Ninety years ago, three Sisters of St. Basil arrived in Philadelphia in response to the Church’s Call to serve the Ukrainian immigrants. Not knowing a word of English, these young Sisters (the oldest was 30-years-old) courageously and joyfully entered the New World to tackle the overwhelming needs of the Ukrainian immigrants. Many immigrant children were orphaned due to the frequent coal mining accidents in Western Pennsylvania. Others had no work because most were uneducated and spoke no English. Where to begin to address these crucial needs? The Sisters moved on all fronts at once: they began an orphanage, opened a carpet factory to teach a trade, established evening classes teaching English and Religion in Philadelphia as well as parishes in PA, OH, NJ, NY, IL, MI. Later, they opened a full-time day elementary school system, an Academy and a college (Manor College). Today the Sisters teach in several parish schools, administer Manor College, St. Basil Academy and the Basilian Spirituality Center, do Pastoral Ministry and work in Chanceries. To celebrate the work of the Sisters a Book of Memories will be published recalling people’s experiences and memories of the Sisters – those living or dead. It was previously announced that the deadline was May 1st, however, due to the many requests to extend the deadline date, the deadline has been extended to July 1, 2019. There will be a small monetary prize (1st prize a $100.00 U. S. Bond; 2nd and 3rd prize a $50.00 U.S. Bond) for the top three stories, however, all stories will be published. Send them to: Sr. Ann Laszok, OSBM or Sr. Ann Laszok, OSBM 542 Melrose Avenue 710 Fox Chase Rd Ambridge, Pa. 15003 Fox Chase Manor, PA 19046 724-266-5578 If you have any questions or want more information about the Srs. of St. Basil visit our website https://stbasils.com/stories-wanted-about-sisters-of-st-basil/ or contact Sr. Dorothy Ann, OSBM at Basilians@aol.com
The Black History Month Conference: 400 Years of Perseverance event scheduled for 2/21 has been re-scheduled for April 4, 12:30-1:45 in the Library Presentation Space. Gloria Browne-Marshall, a prominent civil rights attorney and activist, will give a speech at Manor College to coincide with Black History Month. This commemorative speech, titled “400 Years of Perseverance,” will recognize the 400th Anniversary of the 1619 arrival of Africans to the Virginia Colony, as well as highlight the following four centuries of African American resistance, perseverance, and contributions to America. This free event will take place from 12:30-1:45pm in Manor College’s Basileiad library presentation space and is open to the public. Browne-Marshall, who serves as a professor of Constitutional Law at John Jay College of Criminal Justice, is an international speaker and syndicated columnist. In addition to writing several books on justice and law — several of which are already required reading for students taking Criminal Justice courses at Manor College — Browne-Marshall has been a regular contributor to CNN, MSNBC, CBS, and CSPAN, offering commentary on Supreme Court decisions, police shootings and more. Watch: video clip of Browne-Marshall on CBS News.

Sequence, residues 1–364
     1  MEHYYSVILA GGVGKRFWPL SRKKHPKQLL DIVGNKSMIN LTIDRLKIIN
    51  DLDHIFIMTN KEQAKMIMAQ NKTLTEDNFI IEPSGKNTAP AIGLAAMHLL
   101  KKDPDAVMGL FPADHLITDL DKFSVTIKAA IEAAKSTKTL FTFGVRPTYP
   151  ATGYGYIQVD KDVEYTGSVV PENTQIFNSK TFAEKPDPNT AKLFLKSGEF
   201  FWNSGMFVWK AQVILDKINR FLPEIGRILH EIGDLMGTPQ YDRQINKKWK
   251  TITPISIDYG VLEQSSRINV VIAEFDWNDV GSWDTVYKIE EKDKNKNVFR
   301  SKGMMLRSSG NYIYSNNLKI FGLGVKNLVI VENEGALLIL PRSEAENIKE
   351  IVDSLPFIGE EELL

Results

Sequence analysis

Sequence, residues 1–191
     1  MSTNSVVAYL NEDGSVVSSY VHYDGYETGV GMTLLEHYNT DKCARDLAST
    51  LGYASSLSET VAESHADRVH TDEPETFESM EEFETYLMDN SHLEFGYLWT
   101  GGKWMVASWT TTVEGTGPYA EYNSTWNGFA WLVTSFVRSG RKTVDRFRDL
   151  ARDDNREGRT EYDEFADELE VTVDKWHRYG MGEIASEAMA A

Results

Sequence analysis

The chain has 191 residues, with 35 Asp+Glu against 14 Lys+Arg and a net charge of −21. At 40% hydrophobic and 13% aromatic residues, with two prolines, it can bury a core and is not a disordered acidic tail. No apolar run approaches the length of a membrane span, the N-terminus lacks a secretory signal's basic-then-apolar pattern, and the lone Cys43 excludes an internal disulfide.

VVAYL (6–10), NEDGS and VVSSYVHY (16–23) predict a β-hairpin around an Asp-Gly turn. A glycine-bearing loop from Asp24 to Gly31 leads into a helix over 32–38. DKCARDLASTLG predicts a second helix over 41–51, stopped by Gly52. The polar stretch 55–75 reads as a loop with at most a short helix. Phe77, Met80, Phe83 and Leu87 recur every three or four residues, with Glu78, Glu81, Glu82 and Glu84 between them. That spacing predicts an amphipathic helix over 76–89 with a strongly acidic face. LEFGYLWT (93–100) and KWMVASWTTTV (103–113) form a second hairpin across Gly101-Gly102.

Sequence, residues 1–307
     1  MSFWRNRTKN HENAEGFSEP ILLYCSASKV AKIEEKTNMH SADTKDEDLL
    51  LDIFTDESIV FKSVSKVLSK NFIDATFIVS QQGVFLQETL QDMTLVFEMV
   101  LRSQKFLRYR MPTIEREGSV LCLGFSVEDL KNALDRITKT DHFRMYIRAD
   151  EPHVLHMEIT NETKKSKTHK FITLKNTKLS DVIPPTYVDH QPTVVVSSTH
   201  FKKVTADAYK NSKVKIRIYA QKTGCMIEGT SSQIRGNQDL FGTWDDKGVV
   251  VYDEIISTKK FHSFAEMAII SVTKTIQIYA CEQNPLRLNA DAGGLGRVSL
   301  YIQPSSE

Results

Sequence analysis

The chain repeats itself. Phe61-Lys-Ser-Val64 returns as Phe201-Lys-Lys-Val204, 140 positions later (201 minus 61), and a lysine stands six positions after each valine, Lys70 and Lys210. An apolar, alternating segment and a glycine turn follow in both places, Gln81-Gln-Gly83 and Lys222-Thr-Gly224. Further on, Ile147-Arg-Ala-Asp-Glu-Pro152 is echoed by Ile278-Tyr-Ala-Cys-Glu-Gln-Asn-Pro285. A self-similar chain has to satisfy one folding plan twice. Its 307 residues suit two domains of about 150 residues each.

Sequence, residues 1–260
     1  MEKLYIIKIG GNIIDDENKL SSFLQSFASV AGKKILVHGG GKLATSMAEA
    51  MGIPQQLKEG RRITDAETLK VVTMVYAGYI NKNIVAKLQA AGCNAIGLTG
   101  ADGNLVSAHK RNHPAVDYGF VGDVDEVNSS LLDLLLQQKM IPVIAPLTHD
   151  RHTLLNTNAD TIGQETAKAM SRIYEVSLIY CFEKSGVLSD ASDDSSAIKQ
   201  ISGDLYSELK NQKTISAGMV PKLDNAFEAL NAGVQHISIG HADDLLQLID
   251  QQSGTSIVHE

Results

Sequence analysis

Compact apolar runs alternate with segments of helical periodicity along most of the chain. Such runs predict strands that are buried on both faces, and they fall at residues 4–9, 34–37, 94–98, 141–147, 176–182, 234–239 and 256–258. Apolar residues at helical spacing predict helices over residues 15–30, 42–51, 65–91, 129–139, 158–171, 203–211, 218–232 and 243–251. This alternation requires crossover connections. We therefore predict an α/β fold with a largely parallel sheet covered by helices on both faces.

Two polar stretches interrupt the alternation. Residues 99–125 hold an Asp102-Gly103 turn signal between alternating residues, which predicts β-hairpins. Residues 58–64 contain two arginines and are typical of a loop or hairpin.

By sophomore Business Administration student, William Rodebaugh On Thursday, February 7, 2019, Manor College sports-management students and basketball athletes had the opportunity to visit the new state-of-the-art Philadelphia 76ers training facility. Located in Camden, NJ, it first opened on September 23, 2016. The facility is home to all the basketball operation staff members and makes up for 66,230 of 125,000 total square feet of space that can be found along the Delaware Waterfront’s eastern base. Leading this exciting trip was Professor J.P Lutz. Professor Lutz is a sports fan with experience in marketing and ticket sales for the Philadelphia Eagles. This was his first time visiting the facility and he expressed great joy and excitement in being there. He expressed his appreciation for the student opportunity: “The Philadelphia Sixers provided our students with an incredible opportunity to tour their new corporate headquarters as well as learn from some of their top ranking executives. I was excited to see students who are looking to potentially work in the sports industry take advantage of this field trip.” A majority of the time was spent at a panel discussion with four panelists who work at the facility and at games: Jill Snodgrass, who serves as Vice President of Ticket Service and Operations; Ben Cobleigh, the Vice President of Ticket Sales; Chelsea Fenstermacher, the Director of Ticket Sales; and Darrell Smith Jr., a Digital Media Coordinator and former Blue Jay at Manor, Class of 2012. The four panelists showed great hospitality to both the students and leaders on the trip for more than an hour, answering numerous questions. Some questions were about what the panelists enjoy about their jobs and what they do not. There were also questions about the opportunities that can be offered to college students. Even after the panel discussions, the panelists opened the door for further discussions, and offered their business cards for follow-up conversations. While the Manor College group primarily stayed on the business side of the organization, students were able to see some unique sports items that included the 1982-83 NBA Championship Larry O’Brien trophy, a floor sample from the Spectrum, and jerseys from all-time great Sixers players. One thing that made this trip even more memorable is that the students were at the facility during a historic week of trade. On February 5, after a 119-107 loss to the Toronto Raptors, a series of major trades were made. In the early hours of the morning, Philadelphia received Tobias Harris, Mike Scott and Boban Marjanovic, all from the Los Angeles Clippers. Additionally the Sixers traded Wilson Chandler, Mike Muscala, and Landry Shamet and give up first-round picks for the 2020 and 2021. As the student group left, a press conference at 5:00pm was being prepared for, in which another exciting trade was made: Markelle Fultz to the Orlando Magic for Jonathon Simmons. The trip served as a great point of connection for the College cohort. Alumnus Darrell Smith, Jr, attributed his success to his time at Manor: “If it weren’t for Manor, I probably wouldn’t be here at the Sixers.” Additionally, Professor Lutz was excited to see students who are looking to potentially work in the sports industry take advantage of this field trip. Kimberly Hamm, who serves Manor as their Vice President of Advancement, also attended the trip: “We are so pleased that the Sixers organization hosted our students for this exciting panel. All the staff were so kind and open about their experiences in the industry. Our students learned so much from and had a great time.”